St. John Lutheran Wins Unprecedented Sixth Straight State Title at ESD Future City

SOUTHFIELD – Two-time defending national champion St. John Lutheran School of Rochester made another mark in the history books Monday, winning The Engineering Society of Detroit’s Michigan Regional Future City competition for an unprecedented sixth straight year.

In all, 27 middle school teams competed in the event, now in its 21st year. That’s up from 22 teams a year ago. More than 450 students participated in the event, held at the Suburban Collection Showplace in Novi. Andrew Humphrey, chief meteorologist at WDIV TV 4 in Detroit, served as master of ceremonies.

St. John Lutheran now advances to the Future City national finals, which it has won the past two years. The finals, featuring regional winners from around the country, are held in Washington, D.C. Feb. 13-15 as part of the kickoff of National Engineers Week. St. John also received $500 toward its school’s science programs.

Finishing in second place in the competition was Crescent Academy International of Canton Township. They also received $350.

Third place and $300 went to St. Valentine School of Redford Township. Fourth place and a $250 check were earned by Grand Blanc West Middle School. Rounding out the top five was Patrick Henry Middle School of Woodhaven, which also won a $200 check.

Future City gives sixth, seventh and eighth graders from throughout Michigan the rare opportunity to engage in Science, Technology, Engineering and Mathematics (STEM) activities – and then apply those activities to real-world problems. Students create and build a city set at least 100 years in the future that’s organized around a central theme. The theme changes every year to keep the competition fresh. This year’s theme is “Waste Not, Want Not,” a waste management and recycling challenge, in which students designed cities that recycled as much of their waste stream as possible.

Teams design their cities in the Sim City computer game, write an essay about their city, build a model of their city on a maximum budget of $100, and make a presentation about their city to a panel of engineering experts, making the competition a combination of engineering, writing, design, building and public speaking skills.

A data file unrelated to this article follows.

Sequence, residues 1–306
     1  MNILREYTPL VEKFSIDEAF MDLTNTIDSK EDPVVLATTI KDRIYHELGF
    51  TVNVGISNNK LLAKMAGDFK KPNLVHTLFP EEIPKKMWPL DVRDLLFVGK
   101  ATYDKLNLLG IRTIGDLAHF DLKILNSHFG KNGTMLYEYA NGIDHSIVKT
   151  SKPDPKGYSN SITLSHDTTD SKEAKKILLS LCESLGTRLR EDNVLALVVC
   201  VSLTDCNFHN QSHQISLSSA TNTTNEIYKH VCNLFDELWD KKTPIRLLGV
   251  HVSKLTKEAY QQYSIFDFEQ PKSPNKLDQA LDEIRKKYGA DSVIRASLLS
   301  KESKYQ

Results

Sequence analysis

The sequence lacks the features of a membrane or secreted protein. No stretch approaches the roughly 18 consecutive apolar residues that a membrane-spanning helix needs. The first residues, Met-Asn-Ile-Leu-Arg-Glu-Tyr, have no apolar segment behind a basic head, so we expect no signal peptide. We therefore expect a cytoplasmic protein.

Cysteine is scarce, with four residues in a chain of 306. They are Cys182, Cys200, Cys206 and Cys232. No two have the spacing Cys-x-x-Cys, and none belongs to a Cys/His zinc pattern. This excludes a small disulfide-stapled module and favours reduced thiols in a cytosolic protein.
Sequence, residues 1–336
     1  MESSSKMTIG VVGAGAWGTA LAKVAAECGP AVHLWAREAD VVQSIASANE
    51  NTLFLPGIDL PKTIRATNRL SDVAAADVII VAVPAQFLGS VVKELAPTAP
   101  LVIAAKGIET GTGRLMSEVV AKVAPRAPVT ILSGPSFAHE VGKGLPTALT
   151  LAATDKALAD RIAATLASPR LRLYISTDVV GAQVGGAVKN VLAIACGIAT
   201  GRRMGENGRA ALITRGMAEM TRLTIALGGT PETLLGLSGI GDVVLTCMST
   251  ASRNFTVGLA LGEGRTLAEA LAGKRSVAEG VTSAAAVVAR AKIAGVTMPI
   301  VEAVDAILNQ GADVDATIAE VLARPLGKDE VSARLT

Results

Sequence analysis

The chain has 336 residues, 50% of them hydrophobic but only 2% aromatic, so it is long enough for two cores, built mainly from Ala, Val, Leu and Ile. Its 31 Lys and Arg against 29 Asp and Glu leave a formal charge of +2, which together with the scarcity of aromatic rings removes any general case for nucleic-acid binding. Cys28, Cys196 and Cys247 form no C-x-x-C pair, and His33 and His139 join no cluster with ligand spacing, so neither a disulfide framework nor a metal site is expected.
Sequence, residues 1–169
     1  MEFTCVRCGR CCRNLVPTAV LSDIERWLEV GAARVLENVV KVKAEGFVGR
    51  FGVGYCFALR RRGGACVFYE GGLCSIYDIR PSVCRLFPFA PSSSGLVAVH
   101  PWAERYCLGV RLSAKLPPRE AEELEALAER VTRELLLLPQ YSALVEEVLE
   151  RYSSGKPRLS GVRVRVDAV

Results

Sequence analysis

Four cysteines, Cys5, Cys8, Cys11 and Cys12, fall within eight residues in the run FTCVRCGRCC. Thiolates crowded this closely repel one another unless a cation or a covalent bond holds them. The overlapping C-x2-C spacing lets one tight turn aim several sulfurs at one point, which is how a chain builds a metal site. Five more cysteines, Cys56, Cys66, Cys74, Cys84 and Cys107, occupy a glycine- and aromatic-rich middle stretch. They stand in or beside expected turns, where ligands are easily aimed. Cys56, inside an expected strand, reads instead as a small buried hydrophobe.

ESD organizes the Michigan regional competition, recruiting more than 150 engineers and scientists from more than 30 employers to serve as team mentors and competition judges.

The event began Monday morning, with teams arriving as early as 7:30 a.m. to set up their city models. Each team makes a presentation on its city to judges, who score the presentation and the model. Those scores are combined with the team’s scores on the Sim City computer game and their essays. The top five teams advance to a final round and make another presentation to a panel of six prominent local engineers and technical professionals, who select the winners.

This year’s finals judges were Leo Kempel, dean of the College of Engineering at Michigan State University; David A. Lomas, principal engineer and associate at NTH Consultants; Susan M. Ostrowski, industrial engineer at Ford Motor Co.; Robert Richard, senior vice president, DTE Energy; Michael Ryan, senior vice president, Ghafari Associates LLC; and Filza Walters, director of the master’s degree program in architectural engineering at Lawrence Technological University.

Teams also competed for more than 30 special awards recognizing achievement in specific engineering and technical fields, such as communication, transportation and green technologies.

In Michigan, the Future City presenting sponsors are the DTE Energy Foundation and the Ford Motor Company Fund.

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